April 14th, 2021 by Ruan Humphrey
“And Who is my neighbor?”
Two days a week, our trash goes out to the side of the road. On one of those days the recyclable containers are added. Once the cans are out, they are forgotten, even if the big noisy collection truck is heard.
Later in the day, the emptied cans appear near our garage. Who brings them up?
It has to be one of our neighbors.
This started after the homeowners–our parents–were no longer taking morning walks and my father was unable to do yard work. Our father loved working in the yard almost as much as he loved talking to people. The neighbors took notice. We know because they often asked us about their health.
After some time, we figured out the person moving the trash cans was was “Good Neighbor George.”
If you watch his somewhat unsteady gait or speak to him and hear is careful, slightly hesitant enunciation of words, you might conclude that he has or has had some health challenges. He who has some apparent difficulty walking has been taking extra steps to help us.
For the longest time, I thought George did this task just for us, but then it was reported that he has been seen taking care of the trash cans of his neighbors 2 doors down - an older couple.
Jesus was asked this question, “Who is my neighbor?”
The story appears in Luke 10:25-37 where it feels like Jesus was accosted by a lawyer with, “Teacher, what must I do to inherit eternal life?”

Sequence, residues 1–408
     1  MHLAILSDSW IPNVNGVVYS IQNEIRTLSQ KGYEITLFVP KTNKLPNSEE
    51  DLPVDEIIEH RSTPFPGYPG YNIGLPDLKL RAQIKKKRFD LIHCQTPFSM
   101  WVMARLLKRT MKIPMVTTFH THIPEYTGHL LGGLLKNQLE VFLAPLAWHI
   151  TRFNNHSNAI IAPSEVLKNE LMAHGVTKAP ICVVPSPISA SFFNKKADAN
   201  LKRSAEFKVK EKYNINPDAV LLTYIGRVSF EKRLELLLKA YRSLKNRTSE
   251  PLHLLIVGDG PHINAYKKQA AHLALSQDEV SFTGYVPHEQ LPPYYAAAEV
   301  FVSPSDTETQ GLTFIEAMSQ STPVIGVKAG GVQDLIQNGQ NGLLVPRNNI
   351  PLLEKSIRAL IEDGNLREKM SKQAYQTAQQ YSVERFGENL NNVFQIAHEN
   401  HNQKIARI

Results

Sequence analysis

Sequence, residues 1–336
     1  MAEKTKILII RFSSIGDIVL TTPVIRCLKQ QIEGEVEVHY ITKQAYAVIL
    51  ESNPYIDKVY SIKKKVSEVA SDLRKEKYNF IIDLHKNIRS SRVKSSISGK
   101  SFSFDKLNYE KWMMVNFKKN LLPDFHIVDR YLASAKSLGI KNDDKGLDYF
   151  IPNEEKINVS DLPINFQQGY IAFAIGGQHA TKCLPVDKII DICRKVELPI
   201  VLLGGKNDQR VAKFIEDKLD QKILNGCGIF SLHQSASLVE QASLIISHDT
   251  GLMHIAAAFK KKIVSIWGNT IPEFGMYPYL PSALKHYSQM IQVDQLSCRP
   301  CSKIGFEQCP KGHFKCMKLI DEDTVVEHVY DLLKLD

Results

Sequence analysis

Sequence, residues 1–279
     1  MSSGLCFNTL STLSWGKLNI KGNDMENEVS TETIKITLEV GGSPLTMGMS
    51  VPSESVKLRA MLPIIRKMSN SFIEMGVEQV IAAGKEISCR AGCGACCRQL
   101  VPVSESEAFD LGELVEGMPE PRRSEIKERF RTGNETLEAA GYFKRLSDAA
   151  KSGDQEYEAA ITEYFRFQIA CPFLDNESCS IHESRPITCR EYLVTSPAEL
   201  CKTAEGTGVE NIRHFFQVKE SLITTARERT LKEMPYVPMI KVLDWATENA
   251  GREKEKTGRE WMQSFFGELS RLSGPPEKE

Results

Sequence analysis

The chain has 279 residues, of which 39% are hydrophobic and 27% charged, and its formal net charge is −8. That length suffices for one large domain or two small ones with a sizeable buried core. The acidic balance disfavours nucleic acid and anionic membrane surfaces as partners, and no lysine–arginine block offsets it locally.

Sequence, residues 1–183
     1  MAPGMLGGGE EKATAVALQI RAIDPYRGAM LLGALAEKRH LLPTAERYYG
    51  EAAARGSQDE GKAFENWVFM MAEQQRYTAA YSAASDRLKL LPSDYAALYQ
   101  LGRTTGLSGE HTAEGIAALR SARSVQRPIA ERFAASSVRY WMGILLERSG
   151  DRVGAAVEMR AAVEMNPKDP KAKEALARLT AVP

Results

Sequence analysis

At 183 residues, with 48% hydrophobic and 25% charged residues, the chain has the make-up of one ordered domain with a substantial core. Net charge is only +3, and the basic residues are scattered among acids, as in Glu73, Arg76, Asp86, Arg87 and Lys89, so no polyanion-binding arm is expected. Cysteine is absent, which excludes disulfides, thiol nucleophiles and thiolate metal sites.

“What is written in the law?”
He answered, “Love the LORD your GOD with all your heart and with all soul, and with all your strength and with all your mind, and, Love your neighbor as yourself.”
Jesus told him he had answered correctly; but he asked Jesus, “And who is my neighbor?”
Jesus responded by telling him the story of a man who was traveling on business when he was attacked by robbers. They took his clothes beat him and left him half dead on the side of the road.
A priest traveling on that same road saw the man and crossed over onto the other side of the road. A Levite, another ordained minister, traveling on that same road, also saw him but crossed the road.
Then a Samaritan who was traveling came near and “took pity on him.” He bandaged his wounds and took him to a motel and paid for his stay.
Now Samaritans and Jews did not socialize. Put yourself in the picture. Imagine that you are the person who was attacked, wounded, and left on the side of the road. Would it matter to you the ethnicity or race of the person who rescued you, possibly saving your life?
Jesus asked the lawyer, “Which of these three do you think was a neighbor to the man?”
He replied, “The one who had mercy on him.”
A month ago, the 4th Sunday in Lent, Canon Christopher attached a homework assignment to his sermon asking us to think of two neighbors – one we like a lot and another, and to commit to praying for them. I have such great neighbors, I decided that would be easy because some “neighbors” are truly “neighbors”.
A friend, somewhat new to the faith sent the message below regarding something totally unrelated but fitting.
“I’m going out on a limb and make a generalization. It seems to me that people who are truly Christians give themselves unselfishly to others.”
It seems that Christians SERVE others.
“Good neighbor George” serves us. He must have been given a servant’s heart. I don’t know yet if he is an avowed “Christ follower” but he is certainly modeling the behavior of JESUS.Do you have any "good neighbor" stories? Let me know in the comments below.
This week we launch a new series on blessing our neighbors. Never miss a sermon by subscribing to our podcasts.
Want to hear more from Mother Ruan? Check out her article on The Opposite of Fear.